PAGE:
My Health Manager users gain 24/7 secure online access to their lab test results, eligibility and benefits information, and secure e-mail messaging. The organization's Epic-built EHR, Kaiser Permanente HealthConnect, ties into the PHR.
"By making these tools and resources available to our members, we are able to see a level of engagement that we were not able to see in the pen and pencil world," Larson says.
While a well-designed PHR helps patients stay in touch with their physicians, Kaiser's internal feedback indicates that convenience is the biggest attraction for patients, she says.
In early 2012, the multistate health system upped the ante by optimizing its website for convenient viewing from smartphones, tablets, and other mobile devices. The result? In just the first five months of 2012, some 6.4 million visits to the Kaiser website. Sixteen percent of its total traffic in that period came from mobile users.
"People definitely want to do things on the Web, but the convenience of having your handheld device wherever you are in the world just adds to the benefit the PHR brings to patients," Larson says. "If usability is not working, it drives people away."
Samples, of Greenway, says there are three crucial steps when it comes to engaging patients on PHRs:
1. Promotion. "Physicians and staff have to talk about the PHR to patients," he says.
2. Integration. "The PHR should allow patients to complete forms online, request appointments, ask for medication refills — functions that provide convenience," he says.
3. Provider utilization. "Secure communication with the physician is important because the patients will eventually leave (the PHR) if there is no conversation going on with the physician," he says.
Prior to promoting its PHR, like Kaiser, the Cleveland Clinic also spent time determining what aspects of a PHR would appeal most to patients, says internist Martin Harris, chief information officer, Cleveland Clinic. First, the clinic engaged physicians in the PHR's design. Then, it formed patient focus groups to determine what features to offer.
But it didn't stop there. It promoted the system through its website, printed materials, and signs in medical offices. Patients also received verbal encouragement to sign up during visits; and others were drawn in by kiosks conveniently placed in offices.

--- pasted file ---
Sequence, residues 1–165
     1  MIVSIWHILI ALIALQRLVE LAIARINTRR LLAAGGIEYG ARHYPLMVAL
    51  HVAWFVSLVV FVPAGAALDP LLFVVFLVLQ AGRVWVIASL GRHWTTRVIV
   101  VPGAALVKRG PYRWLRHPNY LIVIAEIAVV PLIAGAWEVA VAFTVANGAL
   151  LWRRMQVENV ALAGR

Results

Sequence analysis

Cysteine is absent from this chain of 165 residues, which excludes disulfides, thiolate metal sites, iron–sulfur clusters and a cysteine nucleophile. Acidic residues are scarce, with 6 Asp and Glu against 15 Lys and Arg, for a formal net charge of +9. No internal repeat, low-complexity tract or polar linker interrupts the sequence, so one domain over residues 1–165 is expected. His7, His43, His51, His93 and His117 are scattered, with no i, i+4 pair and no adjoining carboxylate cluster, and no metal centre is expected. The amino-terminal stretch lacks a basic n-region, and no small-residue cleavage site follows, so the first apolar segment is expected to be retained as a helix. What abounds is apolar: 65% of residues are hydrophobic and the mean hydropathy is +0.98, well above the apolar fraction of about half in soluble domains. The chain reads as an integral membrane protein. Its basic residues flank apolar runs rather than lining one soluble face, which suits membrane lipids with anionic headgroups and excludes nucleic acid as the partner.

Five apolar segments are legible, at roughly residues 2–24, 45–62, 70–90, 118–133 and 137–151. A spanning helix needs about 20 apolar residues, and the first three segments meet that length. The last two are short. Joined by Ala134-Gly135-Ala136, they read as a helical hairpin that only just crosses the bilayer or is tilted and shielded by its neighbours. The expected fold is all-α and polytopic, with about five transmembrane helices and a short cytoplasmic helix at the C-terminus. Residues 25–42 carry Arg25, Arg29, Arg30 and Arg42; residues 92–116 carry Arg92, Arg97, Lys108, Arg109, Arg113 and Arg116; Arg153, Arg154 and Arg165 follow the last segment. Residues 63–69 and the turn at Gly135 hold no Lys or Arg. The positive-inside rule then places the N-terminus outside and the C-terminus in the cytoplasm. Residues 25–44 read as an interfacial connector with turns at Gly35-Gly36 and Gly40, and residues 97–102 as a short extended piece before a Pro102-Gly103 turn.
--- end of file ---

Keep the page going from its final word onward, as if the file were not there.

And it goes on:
Harris says that promotion and focus on ease of use paid off. Its PHR, MyChart, blossomed from a small pilot study with 3,000 patients in 2005, to a system with 450,000 users in June 2012. Each month, between 5,000 and 7,000 new users sign up, he says.
A chief concern of physicians early on at the Cleveland Clinic was whether the PHR would give patients the ability to see test results or other diagnostic findings before their physicians had a chance to review them, says Harris. The initial usage guideline called for a five-day delay when releasing test results. That was reduced to three days after patients complained about the time lag. Now, except for new diagnoses of cancer or other sensitive matters, the system automatically populates the PHR after two days, regardless of whether the physician has seen test results. Physicians can also choose to release information sooner or put it on hold.
"It's important for all patients to be informed, but this information has real value, too, for the acutely ill," Harris says. "The office encounters can be very complex, with several events in a short period of time. With the PHR, the physician has a way to get more information and send reminders to the ill patients without requiring them to come in every time."